• Paperback: 304 pages
  • Publisher: Penguin Classics; New Ed edition (7 Dec 2000)
  • Language: English
  • ISBN-10: 0141183446
  • ISBN-13: 978-0141183442
  • Product Dimensions: 12.8 x 19.8 cm
  • Average Customer Review: 4.1 out of 5 stars  See all reviews (28 customer reviews)
  • Amazon Bestsellers Rank: 49,654 in Books (See Top 100 in Books)

More About the Authors

Discover books, learn about writers, and more.

Product Description


"Every time you read The Castle, you find something new in it" (Sunday Times)

"Kafka discovered the hitherto unknown possibilities of the novel" (Milan Kundera)

"Kafka may be the most important writer of the twentieth century" (J. G. Ballard) --This text refers to an alternate Paperback edition.

Book Description

'He is the greatest German writer of our time. Such poets as Rilke or such novelists as Thomas Mann are dwarfs or plaster saints in comparison to him' Vladimir Nabokov --This text refers to an alternate Paperback edition.

Inside This Book (Learn More)
First Sentence
It was late evening when K. arrived. Read the first page
Browse Sample Pages
Front Cover | Copyright | Table of Contents | Excerpt | Back Cover
Search inside this book:

What Other Items Do Customers Buy After Viewing This Item?

Customer Reviews

Most Helpful Customer Reviews
29 of 30 people found the following review helpful
5.0 out of 5 stars Das Schloß... let’s get ready to ramble! 14 Feb 2004
This is one of Kafka’s most impenetrable narrative constructs... a book that puts away with the stark storytelling and literary devises of the Trial and instead, broadens the more poetic aspects of the Metamorphosis - as well as drawing on his often fractured short story work - to create a surreal, allegorical parable that, in the words of another reviewer, offers everything and nothing simultaneously. The world of the novel in pure Kafka... with autocracy and bureaucracy pushed beyond their reasonable limits, infecting and affecting the characters in various ways and ultimately, creating an atmosphere of decay and paranoia that hangs constantly in the background, like a sick reminder of the character’s absurd futility.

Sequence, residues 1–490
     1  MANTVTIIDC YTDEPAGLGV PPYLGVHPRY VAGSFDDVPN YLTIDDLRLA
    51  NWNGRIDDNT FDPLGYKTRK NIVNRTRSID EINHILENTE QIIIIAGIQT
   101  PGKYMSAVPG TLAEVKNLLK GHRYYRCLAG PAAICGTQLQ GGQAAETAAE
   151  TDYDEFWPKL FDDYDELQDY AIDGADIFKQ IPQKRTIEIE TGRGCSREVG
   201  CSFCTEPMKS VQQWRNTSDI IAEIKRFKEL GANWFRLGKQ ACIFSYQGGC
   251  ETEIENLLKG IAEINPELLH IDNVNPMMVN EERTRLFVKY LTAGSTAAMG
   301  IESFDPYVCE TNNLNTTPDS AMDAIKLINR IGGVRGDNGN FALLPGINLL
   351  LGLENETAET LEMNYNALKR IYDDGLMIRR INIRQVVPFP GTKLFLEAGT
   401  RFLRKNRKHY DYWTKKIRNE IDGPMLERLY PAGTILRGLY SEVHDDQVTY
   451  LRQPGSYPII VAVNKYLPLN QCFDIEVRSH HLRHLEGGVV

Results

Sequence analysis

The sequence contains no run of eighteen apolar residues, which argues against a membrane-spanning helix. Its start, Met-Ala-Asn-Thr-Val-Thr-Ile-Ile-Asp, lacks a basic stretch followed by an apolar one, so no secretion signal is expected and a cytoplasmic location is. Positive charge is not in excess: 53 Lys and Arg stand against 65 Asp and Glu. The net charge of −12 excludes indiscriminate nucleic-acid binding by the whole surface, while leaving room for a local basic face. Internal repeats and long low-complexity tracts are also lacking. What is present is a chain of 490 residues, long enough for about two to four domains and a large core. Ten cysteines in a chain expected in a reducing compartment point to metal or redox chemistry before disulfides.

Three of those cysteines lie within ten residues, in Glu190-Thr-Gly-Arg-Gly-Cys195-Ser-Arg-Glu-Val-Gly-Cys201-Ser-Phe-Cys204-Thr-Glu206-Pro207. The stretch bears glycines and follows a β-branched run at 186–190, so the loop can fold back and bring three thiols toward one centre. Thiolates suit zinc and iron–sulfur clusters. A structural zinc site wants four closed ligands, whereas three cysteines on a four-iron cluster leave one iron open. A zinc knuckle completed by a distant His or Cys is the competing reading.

It’s bleak stuff, made bleaker by the writer’s use of descriptions and choice of subject matter. His work is categorised as being without colour, and certainly this is true when we read his work back. The world that is conjured in our imagination is like a combination of Lynch’s Eraserhead, Gilliam’s Brazil and Soderbegh’s own film of the writer’s life and work (which saw actor Jeremy Irons portraying both Kafka and his literary alter ego K. in a stunning example of self-reflexity). We can actually see the world in which the writer abandons us - leaving us without guidance or clues for the most part of the book - as a noirish underworld populated by a cavalcade of characters, each with shadowy-ulterior motives.
The book takes in elements of black comedy and farce, which does, to an extent, lighten the mood... though the continual bombardment of surreal encounters, arcane descriptions and literary puzzles means that the humour is the last thing we respond to.
Read more ›
Was this review helpful to you?
14 of 15 people found the following review helpful
4.0 out of 5 stars Dark, Surreal, and Very Very Relevant 30 Oct 2008
By Graham Mccarthy TOP 1000 REVIEWER VINE VOICE